Again this is not as simple as it seems, first you have to choose your repository and ensure that it will accept your sort of data. Once safely held in a repository, the data must be permanently linked and archived. As digital repositories are relatively new things, there is the question of what if the repository you have chosen has to close? where will the data go? If the data is uploaded onto the publisher’s server, do they have the capacity to hold all the data for all the journals that they publish, as well as all the articles? Suddenly the storage needs of a single article can become top heavy. At the moment there are not very clear answers to these concerns, therefore there needs to be some guidelines and methods of best practice resolved before all data can be truly linked.

JISCMRD Programme Progress Workshop / DCC Institutional Engagements Workshop, Wed 24-Thu 25 October, Nottingham

Last week we have been attending the JISCMRD Programme meeting, here in Nottingham. This was an opportunity for projects on the JISC Managing Research Data Programme 2011-13 and DCC Institutional Engagements and associate projects to meet up and discuss progress.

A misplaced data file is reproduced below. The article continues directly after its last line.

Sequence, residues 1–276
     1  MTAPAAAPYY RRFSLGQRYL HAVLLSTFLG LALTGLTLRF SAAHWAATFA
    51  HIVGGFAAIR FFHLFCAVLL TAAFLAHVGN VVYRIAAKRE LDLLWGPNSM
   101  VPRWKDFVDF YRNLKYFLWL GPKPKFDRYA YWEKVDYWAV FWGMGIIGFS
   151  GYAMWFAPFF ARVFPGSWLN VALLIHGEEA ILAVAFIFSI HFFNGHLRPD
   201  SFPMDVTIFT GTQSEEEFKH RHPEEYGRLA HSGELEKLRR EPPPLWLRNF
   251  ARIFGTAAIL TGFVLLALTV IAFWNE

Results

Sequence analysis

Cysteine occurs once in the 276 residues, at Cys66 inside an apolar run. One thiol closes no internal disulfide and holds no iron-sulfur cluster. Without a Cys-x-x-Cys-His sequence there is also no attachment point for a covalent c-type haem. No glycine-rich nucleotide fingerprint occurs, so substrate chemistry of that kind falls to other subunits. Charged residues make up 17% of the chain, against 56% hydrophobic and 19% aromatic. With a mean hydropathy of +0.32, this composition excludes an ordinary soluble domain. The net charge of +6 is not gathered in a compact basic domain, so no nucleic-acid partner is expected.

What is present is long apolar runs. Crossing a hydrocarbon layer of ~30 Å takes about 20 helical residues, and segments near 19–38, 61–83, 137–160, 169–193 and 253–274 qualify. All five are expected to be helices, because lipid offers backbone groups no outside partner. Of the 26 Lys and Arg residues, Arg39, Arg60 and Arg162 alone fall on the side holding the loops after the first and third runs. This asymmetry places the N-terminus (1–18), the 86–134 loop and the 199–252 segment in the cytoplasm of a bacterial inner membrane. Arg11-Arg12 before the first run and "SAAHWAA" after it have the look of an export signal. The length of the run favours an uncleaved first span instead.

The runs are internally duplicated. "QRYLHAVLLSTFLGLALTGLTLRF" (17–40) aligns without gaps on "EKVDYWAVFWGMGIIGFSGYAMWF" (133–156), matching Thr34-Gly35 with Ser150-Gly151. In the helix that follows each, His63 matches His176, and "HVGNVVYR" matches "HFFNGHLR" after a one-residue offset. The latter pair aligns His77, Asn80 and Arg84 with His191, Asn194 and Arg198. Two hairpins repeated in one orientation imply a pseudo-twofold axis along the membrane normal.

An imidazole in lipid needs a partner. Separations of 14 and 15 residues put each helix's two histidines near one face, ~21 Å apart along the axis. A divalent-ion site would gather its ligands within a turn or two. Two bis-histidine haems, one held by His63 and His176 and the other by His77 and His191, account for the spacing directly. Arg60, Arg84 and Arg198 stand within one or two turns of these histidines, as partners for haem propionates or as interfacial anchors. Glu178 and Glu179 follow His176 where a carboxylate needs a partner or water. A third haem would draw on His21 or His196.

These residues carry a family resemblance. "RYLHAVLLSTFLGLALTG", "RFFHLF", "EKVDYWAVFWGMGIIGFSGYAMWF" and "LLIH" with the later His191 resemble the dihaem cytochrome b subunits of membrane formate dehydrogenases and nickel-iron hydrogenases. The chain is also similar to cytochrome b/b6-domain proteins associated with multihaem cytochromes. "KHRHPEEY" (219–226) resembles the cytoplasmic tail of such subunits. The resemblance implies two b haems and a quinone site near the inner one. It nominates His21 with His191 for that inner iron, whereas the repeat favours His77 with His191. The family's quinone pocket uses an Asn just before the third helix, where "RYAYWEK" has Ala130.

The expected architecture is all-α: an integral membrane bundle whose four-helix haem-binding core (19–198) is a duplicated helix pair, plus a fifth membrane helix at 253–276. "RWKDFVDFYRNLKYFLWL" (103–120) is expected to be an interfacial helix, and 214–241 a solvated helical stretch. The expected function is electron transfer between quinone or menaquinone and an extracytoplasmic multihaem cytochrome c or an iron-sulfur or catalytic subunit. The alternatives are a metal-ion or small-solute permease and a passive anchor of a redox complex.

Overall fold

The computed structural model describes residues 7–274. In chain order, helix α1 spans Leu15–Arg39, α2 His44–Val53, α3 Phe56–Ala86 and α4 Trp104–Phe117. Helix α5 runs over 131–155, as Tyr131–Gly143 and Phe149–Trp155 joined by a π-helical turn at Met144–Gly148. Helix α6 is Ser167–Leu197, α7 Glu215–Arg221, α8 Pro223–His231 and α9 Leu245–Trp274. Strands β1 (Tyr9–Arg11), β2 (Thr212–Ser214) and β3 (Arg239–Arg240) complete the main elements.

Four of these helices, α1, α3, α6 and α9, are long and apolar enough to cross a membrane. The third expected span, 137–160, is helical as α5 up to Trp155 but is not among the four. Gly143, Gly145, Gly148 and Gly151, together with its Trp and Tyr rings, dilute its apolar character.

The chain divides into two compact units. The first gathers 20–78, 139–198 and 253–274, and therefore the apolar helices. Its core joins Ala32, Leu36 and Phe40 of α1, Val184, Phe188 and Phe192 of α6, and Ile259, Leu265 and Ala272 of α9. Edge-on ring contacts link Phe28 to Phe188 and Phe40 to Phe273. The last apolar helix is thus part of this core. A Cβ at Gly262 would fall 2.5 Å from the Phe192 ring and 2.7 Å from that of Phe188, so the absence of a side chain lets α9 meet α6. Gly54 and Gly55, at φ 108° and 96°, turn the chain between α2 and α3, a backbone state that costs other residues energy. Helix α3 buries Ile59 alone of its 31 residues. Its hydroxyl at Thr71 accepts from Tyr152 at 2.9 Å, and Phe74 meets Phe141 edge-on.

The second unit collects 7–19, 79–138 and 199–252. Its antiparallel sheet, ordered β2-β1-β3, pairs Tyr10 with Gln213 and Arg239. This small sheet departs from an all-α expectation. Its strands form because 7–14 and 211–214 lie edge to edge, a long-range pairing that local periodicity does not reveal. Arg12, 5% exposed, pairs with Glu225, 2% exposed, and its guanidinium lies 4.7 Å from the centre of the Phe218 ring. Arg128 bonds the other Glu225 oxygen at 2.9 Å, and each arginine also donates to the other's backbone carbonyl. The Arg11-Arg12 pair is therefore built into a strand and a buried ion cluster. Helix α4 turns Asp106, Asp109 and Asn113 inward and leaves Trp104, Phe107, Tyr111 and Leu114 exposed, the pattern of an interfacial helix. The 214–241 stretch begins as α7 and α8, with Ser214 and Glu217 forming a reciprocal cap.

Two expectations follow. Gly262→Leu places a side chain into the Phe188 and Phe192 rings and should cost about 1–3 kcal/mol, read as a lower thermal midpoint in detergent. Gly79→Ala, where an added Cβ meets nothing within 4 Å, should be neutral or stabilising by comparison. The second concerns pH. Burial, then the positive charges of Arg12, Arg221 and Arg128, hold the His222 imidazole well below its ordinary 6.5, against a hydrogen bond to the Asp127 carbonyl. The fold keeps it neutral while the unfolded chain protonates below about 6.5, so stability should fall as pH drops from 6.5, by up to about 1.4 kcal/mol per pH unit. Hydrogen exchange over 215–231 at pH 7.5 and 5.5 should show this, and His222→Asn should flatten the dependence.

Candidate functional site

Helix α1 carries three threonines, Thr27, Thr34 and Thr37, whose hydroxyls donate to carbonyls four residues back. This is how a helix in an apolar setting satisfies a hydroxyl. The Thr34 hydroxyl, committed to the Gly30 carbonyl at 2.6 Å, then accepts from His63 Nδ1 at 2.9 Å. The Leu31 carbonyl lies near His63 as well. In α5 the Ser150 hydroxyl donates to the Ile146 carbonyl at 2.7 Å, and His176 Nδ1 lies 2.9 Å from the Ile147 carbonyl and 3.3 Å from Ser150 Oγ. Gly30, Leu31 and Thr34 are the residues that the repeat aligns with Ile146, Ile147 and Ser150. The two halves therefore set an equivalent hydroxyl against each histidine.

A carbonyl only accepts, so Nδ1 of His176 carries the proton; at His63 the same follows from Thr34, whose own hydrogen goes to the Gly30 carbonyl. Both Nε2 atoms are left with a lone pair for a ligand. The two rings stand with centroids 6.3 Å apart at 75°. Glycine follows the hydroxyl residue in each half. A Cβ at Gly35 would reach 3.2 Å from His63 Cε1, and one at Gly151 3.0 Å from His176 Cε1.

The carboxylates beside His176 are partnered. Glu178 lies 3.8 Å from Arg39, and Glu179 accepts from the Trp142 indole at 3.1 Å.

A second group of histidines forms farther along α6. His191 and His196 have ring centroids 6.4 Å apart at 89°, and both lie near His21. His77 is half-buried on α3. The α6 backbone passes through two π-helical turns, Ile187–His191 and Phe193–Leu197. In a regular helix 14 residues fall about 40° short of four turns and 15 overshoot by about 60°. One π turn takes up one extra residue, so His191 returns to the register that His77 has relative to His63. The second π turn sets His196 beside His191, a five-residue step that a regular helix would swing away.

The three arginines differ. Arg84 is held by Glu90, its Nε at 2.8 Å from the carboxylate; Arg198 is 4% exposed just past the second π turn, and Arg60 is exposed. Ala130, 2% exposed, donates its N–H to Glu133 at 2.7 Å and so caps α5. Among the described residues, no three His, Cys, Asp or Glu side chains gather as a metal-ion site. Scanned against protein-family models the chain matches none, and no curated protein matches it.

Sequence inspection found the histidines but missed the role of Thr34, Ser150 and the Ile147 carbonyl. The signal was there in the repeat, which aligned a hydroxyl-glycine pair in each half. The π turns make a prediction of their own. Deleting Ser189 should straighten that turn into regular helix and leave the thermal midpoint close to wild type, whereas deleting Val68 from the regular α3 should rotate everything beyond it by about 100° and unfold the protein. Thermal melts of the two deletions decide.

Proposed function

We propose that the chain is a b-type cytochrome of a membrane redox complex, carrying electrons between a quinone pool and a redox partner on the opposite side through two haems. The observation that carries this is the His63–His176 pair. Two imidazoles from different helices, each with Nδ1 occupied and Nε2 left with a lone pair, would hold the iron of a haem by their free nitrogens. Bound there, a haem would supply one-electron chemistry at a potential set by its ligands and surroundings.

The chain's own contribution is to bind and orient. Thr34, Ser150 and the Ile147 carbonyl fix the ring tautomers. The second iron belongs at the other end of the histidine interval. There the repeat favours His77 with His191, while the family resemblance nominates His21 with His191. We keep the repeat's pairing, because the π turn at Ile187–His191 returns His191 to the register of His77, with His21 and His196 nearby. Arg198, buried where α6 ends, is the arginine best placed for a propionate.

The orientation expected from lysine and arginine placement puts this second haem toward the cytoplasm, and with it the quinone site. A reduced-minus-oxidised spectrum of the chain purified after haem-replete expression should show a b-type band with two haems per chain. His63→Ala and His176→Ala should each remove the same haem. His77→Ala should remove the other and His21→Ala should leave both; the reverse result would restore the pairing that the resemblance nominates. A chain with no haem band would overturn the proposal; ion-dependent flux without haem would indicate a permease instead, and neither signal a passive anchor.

The event covered

  • Institutional RDM policies; developing an institutional strategy and an ‘EPSRC’ roadmap.
  • Managing active data: storage, access, academic dropbox services.
  • Data management planning: developing good practice and providing effective support.
  • Data repositories and storage: options for repository service solutions.
  • Training & guidance.
  • Triage and handover: what to keep and where to entrust it?  Selection and appraisal; deposit and handover.
  • Business case: covering roles, responsibility, costing, sustainability, advocacy etc.
  • Data catalogues: metadata profiles, identifiers.

In addition to presentations, most projects also brought poster detailing their progress. We will tell you all about our poster next week.